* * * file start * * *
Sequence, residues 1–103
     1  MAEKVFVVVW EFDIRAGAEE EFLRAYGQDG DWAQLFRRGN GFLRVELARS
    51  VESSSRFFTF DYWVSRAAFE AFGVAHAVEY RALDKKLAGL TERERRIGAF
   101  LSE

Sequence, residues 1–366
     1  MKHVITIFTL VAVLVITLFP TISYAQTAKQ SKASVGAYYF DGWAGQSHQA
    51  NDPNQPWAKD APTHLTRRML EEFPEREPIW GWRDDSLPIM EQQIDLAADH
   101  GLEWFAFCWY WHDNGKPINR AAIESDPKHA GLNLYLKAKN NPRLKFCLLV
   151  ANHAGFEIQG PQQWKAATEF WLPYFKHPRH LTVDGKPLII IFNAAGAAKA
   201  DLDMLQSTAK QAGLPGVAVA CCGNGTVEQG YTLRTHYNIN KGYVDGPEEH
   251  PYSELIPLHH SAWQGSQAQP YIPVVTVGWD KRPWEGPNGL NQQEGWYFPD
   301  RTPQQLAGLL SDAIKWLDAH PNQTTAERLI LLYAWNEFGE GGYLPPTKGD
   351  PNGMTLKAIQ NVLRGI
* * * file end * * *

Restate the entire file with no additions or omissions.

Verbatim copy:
Sequence, residues 1–103
     1  MAEKVFVVVW EFDIRAGAEE EFLRAYGQDG DWAQLFRRGN GFLRVELARS
    51  VESSSRFFTF DYWVSRAAFE AFGVAHAVEY RALDKKLAGL TERERRIGAF
   101  LSE

Sequence, residues 1–366
     1  MKHVITIFTL VAVLVITLFP TISYAQTAKQ SKASVGAYYF DGWAGQSHQA
    51  NDPNQPWAKD APTHLTRRML EEFPEREPIW GWRDDSLPIM EQQIDLAADH
   101  GLEWFAFCWY WHDNGKPINR AAIESDPKHA GLNLYLKAKN NPRLKFCLLV
   151  ANHAGFEIQG PQQWKAATEF WLPYFKHPRH LTVDGKPLII IFNAAGAAKA
   201  DLDMLQSTAK QAGLPGVAVA CCGNGTVEQG YTLRTHYNIN KGYVDGPEEH
   251  PYSELIPLHH SAWQGSQAQP YIPVVTVGWD KRPWEGPNGL NQQEGWYFPD
   301  RTPQQLAGLL SDAIKWLDAH PNQTTAERLI LLYAWNEFGE GGYLPPTKGD
   351  PNGMTLKAIQ NVLRGI